In the recent case of Marks and Spencer plc v BNP Paribas Securities Services Trust Company (Jersey) Ltd and another [2015] UKSC 72, the Supreme Court considered the rules on implying terms into contracts.

In summary, the majority of the Supreme Court said that the correct test was whether the proposed implied term was (1) necessary to give business efficacy to the contract or (2) so obvious that it went without saying.

This is a reversion to the more traditional tests for implying terms and a clear departure from the approach adopted by Lord Hoffmann in Attorney General of Belize v Belize Telecom Ltd  [2009]  1  WLR 1988.


The dispute was between a landlord and tenant. In December 2011, the tenant paid a full quarter’s rent in advance to the landlord. However, the lease came to an end part way through the quarter, on 24 January 2012, because the tenant had exercised a break right. The tenant sought to recover the proportion of the rent already paid that related to the period after the lease had come to an end. The tenant argued that there was an implied term requiring the landlord to refund this element of the rent.

The Supreme Court rejected that argument.

The key point for landlords and tenants is that rent will generally only be repayable in such circumstances if there is an express term in the lease providing for this. This aspect of the judgment – the question of the apportionment of rent - is considered in more detail here.

However, it is the Supreme Court’s comments on implied terms that are likely to have the greatest impact and which are the focus of this note.

Attorney General of Belize

In Attorney General of Belize, Lord Hoffmann had said that implying terms into contracts was part of the same process as interpreting the express terms. He said that “[t]here is only one question: is that what the instrument, read as a whole against the relevant background, would reasonably be understood to mean?”. Other tests for implying terms, such as the requirement that the proposed implied term must be necessary to give business efficacy to the contract, or the “officious bystander” test, should not be treated “as if they had a life of their own”.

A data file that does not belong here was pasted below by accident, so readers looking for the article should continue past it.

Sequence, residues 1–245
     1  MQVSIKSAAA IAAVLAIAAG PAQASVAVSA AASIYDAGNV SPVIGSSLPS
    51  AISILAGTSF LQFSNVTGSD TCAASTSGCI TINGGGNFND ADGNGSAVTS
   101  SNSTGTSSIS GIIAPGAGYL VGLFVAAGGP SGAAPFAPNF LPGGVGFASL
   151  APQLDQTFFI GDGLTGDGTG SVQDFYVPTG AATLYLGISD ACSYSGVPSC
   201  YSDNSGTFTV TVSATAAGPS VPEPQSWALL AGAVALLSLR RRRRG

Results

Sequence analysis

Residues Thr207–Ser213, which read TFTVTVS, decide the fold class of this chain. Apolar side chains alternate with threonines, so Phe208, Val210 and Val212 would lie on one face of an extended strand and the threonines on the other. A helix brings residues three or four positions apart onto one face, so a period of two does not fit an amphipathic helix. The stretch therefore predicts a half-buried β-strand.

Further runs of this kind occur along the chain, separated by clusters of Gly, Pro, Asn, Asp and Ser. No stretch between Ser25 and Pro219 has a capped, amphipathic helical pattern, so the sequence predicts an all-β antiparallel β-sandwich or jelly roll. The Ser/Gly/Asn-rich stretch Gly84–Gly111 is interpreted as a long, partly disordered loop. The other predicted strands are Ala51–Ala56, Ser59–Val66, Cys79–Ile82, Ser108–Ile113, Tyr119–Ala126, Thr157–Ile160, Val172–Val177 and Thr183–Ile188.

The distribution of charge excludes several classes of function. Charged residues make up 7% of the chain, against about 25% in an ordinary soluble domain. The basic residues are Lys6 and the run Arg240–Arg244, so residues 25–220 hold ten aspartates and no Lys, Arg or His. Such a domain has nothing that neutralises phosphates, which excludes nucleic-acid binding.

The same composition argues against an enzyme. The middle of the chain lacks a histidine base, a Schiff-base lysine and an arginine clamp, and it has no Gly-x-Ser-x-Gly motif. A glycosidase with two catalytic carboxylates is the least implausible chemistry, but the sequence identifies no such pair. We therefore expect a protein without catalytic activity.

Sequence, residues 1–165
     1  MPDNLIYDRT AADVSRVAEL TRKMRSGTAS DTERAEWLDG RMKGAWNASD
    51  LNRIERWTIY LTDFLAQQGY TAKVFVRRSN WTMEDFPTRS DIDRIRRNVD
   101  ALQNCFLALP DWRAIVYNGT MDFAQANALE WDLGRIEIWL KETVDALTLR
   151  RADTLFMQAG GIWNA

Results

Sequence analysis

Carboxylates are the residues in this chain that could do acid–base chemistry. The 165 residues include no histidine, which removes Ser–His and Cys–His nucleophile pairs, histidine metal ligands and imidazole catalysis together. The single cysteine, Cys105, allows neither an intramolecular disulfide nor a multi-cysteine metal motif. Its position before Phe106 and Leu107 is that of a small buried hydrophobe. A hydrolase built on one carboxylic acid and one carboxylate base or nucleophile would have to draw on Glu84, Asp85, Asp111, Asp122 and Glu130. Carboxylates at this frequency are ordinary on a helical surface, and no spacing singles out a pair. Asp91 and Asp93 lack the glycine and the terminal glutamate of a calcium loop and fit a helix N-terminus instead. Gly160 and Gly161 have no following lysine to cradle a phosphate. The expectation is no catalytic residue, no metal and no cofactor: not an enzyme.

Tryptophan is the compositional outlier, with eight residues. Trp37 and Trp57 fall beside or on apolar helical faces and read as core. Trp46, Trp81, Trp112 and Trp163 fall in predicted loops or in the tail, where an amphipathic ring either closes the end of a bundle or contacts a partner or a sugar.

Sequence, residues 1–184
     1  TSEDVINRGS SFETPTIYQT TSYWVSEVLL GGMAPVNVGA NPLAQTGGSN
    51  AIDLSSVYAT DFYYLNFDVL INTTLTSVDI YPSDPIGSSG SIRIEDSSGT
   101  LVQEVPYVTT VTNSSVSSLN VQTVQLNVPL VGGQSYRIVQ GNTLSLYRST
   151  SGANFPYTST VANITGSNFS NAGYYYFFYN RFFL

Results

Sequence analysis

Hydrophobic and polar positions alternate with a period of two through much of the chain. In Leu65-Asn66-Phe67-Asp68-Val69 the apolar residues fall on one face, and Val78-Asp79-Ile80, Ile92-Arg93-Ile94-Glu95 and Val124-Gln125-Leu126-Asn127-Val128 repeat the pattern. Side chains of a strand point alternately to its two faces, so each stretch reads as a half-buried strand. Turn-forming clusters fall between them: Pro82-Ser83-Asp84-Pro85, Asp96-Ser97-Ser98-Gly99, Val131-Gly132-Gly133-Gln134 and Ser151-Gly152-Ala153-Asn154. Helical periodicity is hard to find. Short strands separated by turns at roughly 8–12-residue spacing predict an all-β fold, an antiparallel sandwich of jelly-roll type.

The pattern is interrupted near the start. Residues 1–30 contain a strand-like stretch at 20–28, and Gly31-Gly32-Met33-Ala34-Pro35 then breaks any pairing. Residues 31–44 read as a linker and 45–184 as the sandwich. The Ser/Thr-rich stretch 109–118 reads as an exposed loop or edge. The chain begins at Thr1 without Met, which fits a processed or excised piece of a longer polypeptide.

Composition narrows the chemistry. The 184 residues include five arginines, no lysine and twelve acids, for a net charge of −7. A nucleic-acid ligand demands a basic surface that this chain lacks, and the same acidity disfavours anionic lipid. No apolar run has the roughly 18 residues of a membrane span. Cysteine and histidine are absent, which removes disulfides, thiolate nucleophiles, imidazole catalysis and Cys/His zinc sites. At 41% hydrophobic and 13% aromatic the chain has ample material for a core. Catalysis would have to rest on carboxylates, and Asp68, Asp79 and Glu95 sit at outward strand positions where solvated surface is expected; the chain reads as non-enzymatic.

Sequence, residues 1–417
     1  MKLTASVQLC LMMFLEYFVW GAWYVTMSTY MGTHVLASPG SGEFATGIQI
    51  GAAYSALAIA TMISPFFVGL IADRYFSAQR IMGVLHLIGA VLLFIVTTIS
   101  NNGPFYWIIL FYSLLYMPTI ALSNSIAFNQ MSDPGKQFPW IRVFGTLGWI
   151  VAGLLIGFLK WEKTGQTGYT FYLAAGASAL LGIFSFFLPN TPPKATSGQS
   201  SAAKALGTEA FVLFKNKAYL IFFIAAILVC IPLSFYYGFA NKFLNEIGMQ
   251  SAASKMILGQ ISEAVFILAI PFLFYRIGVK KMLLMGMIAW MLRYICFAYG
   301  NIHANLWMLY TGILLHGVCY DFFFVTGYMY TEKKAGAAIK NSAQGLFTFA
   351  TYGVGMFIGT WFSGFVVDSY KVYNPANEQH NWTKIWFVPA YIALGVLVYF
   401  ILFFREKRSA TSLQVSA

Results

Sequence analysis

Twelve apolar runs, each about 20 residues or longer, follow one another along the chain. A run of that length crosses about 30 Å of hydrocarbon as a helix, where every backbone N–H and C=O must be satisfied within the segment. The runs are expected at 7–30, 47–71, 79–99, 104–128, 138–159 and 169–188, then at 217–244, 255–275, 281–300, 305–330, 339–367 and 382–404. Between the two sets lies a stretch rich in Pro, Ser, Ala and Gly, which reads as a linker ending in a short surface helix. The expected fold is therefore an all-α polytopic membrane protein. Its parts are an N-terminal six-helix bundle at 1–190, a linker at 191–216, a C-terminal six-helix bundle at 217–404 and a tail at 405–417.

Although decisions of the Privy Council are technically only persuasive, and not binding, Lord Hoffmann’s comments were generally regarded as heralding a change in the law on implied terms and Lord Hoffmann’s test has been applied in a large number of cases since  2009.

M&S v BNP Paribas

In an unexpected turn of events, however, the majority of the Supreme Court in M&S v BNP Paribas said that Lord Hoffman’s judgment in Attorney General of Belize should no longer be treated as authoritative.

Implying terms, said the Supreme Court, is not the same process as interpreting express terms and it involves applying different rules. In most cases, the correct approach will be first to identify the meaning of the express words used in the contract and then to decide whether it is necessary to imply any further terms.

The key points to be derived from the majority judgment of the Supreme Court (delivered by Lord Neuberger) are as follows:

  • A term should only be implied into a contract where this is: (1) necessary to give business efficacy to the contract; or (2) so obvious that it goes without saying.
  • These are alternative tests: it is not necessary to satisfy both of them. However, it will be a rare case where one test is satisfied and the other is not.
  • It is not sufficient to show that the proposed implied term is fair or reasonable or that the parties would have agreed to the implied term if it had been suggested to them.
  • The question of whether a term should be implied should be determined as at the date of the contract. Hindsight should not be applied.
  • No term can be implied into a contract if it contradicts an express term.
  • In this case, the lease was a very full and detailed document, which covered a wide range of contingencies and which had been entered into by two experienced parties with the benefit of legal advice. In those circumstances, the court should be slow to imply further terms into the lease.


It is worth noting that one member of the Supreme Court, Lord Carnwath, disagreed with the majority. He clearly took the view that Attorney-General of Belize should continue to be treated as the leading case on implied terms.


In view of the comments of the majority of the Supreme Court, however, courts are likely to apply the more “traditional” tests to implying terms - obviousness and/or necessity.

This should, therefore, now be the starting point whenever parties and their advisors are considering whether or not a contract contains any implied terms.